maybe that's why i'm a dem while my parents are dyed-in-the-wool repubs.

      •  That Pool & Spa News article (none)
        The article lays out a few ways they could make the drains safer: Better grates, two drains instead of one, vacuum-sensitive automatic shutoff.

        Speaking as a scientist, etc., these all sound like reasonable things to demand of the industry (or at least an individual manufacturer who got sued). I actually don't understand why prior litigation over this matter hasn't forced companies to fix the design flaws--especially since obvious "layers of protection" they could add are already known.

        My thesis advisor does a lot of expert-witnessing on matters of mechanical failure and I sometimes help him out in the lab with tests related to his cases. At least once that I can remember, we were testing a court-mandated redesign of a trigger lock that had been deemed unsafe at a trial (or it may have been part of a settlement--regardless, a judge ordered it and we did the tests).

        Maybe I didn't understand the purpose of our work. (I'm mostly a pair of hands with opinions about science and doing good experiments--I don't deal with the lawyers, the depositions, or the trial.) But if a court can mandate fixes to a trigger lock, why not a pool?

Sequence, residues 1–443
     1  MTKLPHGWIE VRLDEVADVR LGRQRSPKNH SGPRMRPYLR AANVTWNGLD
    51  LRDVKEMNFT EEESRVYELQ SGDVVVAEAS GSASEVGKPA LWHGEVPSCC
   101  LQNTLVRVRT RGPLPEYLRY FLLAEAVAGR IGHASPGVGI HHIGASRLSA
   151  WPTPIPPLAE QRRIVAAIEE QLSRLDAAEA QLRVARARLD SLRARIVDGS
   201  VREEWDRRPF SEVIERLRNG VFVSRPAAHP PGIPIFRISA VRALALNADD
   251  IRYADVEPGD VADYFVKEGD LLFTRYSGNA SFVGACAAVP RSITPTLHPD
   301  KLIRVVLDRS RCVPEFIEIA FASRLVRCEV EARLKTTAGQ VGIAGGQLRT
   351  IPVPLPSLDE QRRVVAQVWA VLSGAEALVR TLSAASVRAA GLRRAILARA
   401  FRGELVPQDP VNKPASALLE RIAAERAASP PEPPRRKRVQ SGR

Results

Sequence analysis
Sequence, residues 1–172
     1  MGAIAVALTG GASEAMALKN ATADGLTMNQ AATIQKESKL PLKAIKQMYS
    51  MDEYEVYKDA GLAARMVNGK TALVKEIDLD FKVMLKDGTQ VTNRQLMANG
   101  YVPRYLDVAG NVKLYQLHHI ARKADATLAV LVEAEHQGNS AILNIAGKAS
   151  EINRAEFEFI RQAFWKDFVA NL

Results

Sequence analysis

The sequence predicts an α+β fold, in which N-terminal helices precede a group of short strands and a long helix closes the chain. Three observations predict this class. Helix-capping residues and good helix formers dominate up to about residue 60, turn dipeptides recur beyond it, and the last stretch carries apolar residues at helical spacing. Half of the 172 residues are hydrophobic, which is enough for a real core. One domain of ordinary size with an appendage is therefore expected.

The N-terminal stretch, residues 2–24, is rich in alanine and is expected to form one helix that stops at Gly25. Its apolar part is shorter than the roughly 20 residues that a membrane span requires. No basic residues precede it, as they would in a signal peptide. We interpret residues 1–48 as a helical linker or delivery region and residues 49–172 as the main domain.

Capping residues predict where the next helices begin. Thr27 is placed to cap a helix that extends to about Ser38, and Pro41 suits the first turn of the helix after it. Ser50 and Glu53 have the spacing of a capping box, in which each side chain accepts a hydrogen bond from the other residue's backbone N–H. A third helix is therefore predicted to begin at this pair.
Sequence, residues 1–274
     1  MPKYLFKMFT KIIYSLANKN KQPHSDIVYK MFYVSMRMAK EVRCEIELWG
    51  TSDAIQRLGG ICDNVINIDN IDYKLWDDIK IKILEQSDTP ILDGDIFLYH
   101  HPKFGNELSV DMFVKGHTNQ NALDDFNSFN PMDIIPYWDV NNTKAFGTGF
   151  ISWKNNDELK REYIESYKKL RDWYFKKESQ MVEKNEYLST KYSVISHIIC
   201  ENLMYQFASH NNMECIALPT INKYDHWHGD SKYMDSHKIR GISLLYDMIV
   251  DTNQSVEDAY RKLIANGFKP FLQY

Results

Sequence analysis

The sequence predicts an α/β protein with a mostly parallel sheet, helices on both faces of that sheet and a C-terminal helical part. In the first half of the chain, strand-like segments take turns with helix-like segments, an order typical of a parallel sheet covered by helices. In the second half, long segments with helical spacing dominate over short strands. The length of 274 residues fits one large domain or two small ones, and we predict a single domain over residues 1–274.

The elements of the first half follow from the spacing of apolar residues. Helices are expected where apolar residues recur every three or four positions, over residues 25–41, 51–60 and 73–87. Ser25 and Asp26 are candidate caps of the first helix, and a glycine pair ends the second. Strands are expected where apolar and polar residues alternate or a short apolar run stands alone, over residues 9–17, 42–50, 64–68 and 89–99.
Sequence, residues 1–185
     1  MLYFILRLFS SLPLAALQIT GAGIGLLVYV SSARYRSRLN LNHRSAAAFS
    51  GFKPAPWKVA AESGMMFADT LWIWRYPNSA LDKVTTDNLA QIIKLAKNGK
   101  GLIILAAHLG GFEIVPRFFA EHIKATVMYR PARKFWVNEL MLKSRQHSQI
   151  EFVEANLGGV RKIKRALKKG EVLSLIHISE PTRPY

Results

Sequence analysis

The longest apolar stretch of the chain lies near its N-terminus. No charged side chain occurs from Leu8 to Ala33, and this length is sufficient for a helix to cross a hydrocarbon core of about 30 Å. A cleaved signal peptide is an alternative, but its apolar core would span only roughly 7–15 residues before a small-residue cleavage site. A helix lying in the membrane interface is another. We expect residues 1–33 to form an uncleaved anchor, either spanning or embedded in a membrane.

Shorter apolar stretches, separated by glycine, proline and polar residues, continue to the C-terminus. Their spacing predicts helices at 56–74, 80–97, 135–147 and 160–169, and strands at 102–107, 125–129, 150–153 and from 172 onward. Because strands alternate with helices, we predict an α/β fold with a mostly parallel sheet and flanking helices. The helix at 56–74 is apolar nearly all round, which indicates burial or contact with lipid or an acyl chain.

Any lawyers want to explain this to me?

        Oh, one more thing. Working on these cases, I've seen negligent design and manufacturing practices lead to some unbelievably tragic accidents: maimings, burnings-to-death, crushed children, accidental shootings, ... just horrible stuff. Lawyers like Edwards and the ones who hire my advisor do vital work and deserve much more credit than they get. Because the sad truth is that many corporations have absolutely no interest in making safe products.

        I'm &y and I approved this message.

        by abw on Fri Jul 16, 2004 at 03:25:45 PM PDT

        [ Parent ]

  •  Our democracy (none)
    is hanging by a thread and most of the citizens don't even know or care, AMAZING!
    Just wait, they will eventually, then it will be too late.
    PEACE!
    ABB&B!!!
    KERRY/EDWARDS 2004
    •  I wish I could read minds (none)